Environmental groups call for postponement of climate talks
LONDON (AP) — A coalition of environmental groups has called for a pivotal climate conference to be postponed amid concern that many of those most affected by global warming won’t be able to attend because of the continuing threat from COVID-19.
Campaigners said Tuesday that organizers hadn’t done enough to ensure broad participation in the event by providing access to vaccines and defraying the rising cost of travel for people from developing nations, many of which are subject to British government travel restrictions. The UN climate summit, known as COP26, is scheduled for Oct. 31-Nov. 12 in Scotland.
“Our concern is that those countries most deeply affected by the climate crisis and those countries suffering from the lack of support by rich nations in providing vaccines will be left out of the talks,’’ said Tasneem Essop, executive director of Climate Action Network, which includes 1,500 groups in 130 countries. “There has always been an inherent power imbalance within the U.N. climate talks and this is now compounded by the health crisis.’’
But the Climate Vulnerable Forum, a group of 48 countries that are most at risk from climate change, later said an in-person summit must take place as scheduled to ensure the world responds to a threat “unparalleled in human history.”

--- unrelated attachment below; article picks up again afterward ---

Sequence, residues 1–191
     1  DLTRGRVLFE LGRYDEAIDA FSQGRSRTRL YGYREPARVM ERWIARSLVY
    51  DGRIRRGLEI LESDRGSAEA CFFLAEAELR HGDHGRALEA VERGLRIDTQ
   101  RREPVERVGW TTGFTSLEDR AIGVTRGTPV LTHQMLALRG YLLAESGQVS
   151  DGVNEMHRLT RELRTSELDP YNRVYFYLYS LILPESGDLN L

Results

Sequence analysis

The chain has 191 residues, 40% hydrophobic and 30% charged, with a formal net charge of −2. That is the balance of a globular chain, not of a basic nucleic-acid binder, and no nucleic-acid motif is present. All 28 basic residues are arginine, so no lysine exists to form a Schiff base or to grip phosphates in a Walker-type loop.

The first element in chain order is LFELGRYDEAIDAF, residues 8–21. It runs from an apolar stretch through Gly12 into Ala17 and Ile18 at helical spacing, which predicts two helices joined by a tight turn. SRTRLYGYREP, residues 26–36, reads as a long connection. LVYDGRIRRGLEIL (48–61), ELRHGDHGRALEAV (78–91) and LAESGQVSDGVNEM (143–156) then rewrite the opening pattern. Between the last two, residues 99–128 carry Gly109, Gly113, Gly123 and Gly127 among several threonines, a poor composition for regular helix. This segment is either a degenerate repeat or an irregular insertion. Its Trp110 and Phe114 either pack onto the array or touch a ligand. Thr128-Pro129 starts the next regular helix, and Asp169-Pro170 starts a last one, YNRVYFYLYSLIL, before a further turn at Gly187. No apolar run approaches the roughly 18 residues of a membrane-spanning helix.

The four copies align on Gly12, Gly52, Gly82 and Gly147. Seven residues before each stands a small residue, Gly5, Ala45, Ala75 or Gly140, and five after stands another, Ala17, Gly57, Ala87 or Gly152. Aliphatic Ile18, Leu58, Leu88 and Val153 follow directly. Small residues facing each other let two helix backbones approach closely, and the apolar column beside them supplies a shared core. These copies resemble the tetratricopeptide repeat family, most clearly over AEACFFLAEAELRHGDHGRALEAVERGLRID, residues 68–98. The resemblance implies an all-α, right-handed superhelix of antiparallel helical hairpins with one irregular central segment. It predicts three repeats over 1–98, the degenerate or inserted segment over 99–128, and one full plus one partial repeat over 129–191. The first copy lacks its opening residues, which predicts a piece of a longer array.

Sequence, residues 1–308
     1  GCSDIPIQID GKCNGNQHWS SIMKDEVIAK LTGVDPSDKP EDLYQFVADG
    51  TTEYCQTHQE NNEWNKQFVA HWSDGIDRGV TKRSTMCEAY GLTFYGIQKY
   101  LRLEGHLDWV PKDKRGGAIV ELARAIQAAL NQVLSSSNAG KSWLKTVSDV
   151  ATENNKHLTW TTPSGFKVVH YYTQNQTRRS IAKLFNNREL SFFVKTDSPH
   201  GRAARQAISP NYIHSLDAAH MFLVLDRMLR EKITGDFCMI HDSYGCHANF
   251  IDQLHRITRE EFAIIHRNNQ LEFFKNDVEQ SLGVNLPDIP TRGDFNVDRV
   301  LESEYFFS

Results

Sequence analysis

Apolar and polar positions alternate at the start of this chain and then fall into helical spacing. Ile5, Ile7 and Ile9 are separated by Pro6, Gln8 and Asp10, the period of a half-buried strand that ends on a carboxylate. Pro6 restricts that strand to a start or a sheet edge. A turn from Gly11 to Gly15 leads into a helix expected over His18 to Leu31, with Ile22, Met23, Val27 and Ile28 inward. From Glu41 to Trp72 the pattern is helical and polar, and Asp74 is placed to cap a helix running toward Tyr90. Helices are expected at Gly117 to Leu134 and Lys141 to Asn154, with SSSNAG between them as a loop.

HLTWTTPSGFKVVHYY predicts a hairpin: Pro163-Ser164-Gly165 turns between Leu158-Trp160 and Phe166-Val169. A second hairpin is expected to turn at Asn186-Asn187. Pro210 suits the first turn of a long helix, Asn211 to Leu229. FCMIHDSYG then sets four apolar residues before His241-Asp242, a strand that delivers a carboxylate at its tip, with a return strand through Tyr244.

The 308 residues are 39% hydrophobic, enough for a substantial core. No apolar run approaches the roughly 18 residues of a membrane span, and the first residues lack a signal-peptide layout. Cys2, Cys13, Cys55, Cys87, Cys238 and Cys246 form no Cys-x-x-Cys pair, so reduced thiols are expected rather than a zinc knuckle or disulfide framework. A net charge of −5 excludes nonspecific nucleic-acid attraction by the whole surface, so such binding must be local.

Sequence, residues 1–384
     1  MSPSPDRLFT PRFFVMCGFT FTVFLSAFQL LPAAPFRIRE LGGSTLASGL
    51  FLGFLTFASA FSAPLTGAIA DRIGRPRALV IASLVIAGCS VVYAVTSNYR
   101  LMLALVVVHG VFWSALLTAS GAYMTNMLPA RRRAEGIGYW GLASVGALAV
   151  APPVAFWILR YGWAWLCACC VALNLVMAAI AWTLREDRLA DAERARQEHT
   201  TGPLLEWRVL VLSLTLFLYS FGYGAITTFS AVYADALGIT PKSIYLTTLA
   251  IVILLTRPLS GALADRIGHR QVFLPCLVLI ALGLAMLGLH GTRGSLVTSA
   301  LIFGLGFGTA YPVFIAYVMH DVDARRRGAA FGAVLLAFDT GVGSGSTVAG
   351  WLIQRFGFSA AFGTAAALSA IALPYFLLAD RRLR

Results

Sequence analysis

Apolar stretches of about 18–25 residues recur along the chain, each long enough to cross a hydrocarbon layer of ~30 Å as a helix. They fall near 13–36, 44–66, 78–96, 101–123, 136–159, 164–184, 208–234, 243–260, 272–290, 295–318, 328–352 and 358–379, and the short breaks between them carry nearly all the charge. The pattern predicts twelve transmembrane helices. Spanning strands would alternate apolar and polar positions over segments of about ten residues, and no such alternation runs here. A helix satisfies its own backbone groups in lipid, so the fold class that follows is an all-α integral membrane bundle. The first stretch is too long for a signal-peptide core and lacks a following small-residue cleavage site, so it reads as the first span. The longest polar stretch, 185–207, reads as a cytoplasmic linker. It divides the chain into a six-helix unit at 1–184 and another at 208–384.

The tussle over postponement comes just weeks after an international panel of climate scientists issued a stark warning to world leaders, saying time was running out to avert the worst effects of climate change. COP26 is seen as a critical step in the drive to persuade governments, industry and investors around the world to make binding commitments on reducing greenhouse gas emissions.
The meeting was originally scheduled to be held last year, but it was postponed due to the pandemic.
“Clearly, every country needs to be given the opportunity to participate in COP26, but a further postponement at this stage could have very serious consequences by undermining the momentum for action on climate change,” said Bob Ward, policy director for the Grantham Institute on Climate Change and the Environment in London.